How to shape the perfect crepe
It does take a little practice, but trust me, you’ll get the hang of it. And I think we can both agree that it’s going to be completely worth the effort. Plus, a weird shaped crepe is still a great crepe. Hence why I scarfed the first one down while making these.
To make crepes, I like to use my cast-iron skillet. Surprised? Probably not. I literally make anything and everything in my cast-iron skillet. For this recipe, you can either make four crepes in a 10″ skillet, or three crepes in a 12″ skillet. If you’re using a 10″ skillet, you’ll pour 1/3 cup of batter into the pan. For 12″ crepes, you’ll pour in about 1/2 cup of batter.
For perfectly shaped crepes, make sure the pan is warm, not hot, over medium-low heat. Coat the bottom of the pan with some cold butter, then pour in the batter. Make sure you have kitchen mitts on! You’ll want to immediately grab both sides of the skillet and swirl the batter around the pan to make that perfect circle. This is the part that will take practice, but I promise, once you get the hang of it, it’s like riding a bike. You’ll cook the crepe on the first side for longer (two to three minutes) than the second side (30 to 60 seconds ). Place it on a plate, fill, and destroy.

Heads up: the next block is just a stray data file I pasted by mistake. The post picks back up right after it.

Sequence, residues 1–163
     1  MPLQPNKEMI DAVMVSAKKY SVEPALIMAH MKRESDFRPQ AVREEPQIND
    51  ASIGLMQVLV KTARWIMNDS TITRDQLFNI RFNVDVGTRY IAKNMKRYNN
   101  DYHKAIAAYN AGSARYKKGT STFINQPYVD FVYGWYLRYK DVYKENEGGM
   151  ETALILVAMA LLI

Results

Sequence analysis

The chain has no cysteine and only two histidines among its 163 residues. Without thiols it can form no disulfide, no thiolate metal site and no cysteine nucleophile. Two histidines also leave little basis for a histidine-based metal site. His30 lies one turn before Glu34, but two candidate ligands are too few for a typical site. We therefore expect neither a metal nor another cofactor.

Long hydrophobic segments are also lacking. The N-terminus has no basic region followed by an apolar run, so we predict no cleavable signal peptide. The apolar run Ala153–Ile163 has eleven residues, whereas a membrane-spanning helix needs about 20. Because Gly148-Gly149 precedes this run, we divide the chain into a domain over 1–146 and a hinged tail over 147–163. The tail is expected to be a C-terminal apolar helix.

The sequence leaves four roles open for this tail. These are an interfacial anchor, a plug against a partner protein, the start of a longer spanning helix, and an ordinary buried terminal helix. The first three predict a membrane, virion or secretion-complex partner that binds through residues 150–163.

Fillings for sourdough crepes
The possibilities are seriously endless when comes to crepes. You can make them sweet or savory, enjoy them for breakfast, lunch, or hey, why not for dessert, too?
Here are some fun crepe combinations you can throw together once your sourdough discard crepes are made.
- Blueberries + Ricotta Cheese
- Nutella + Strawberries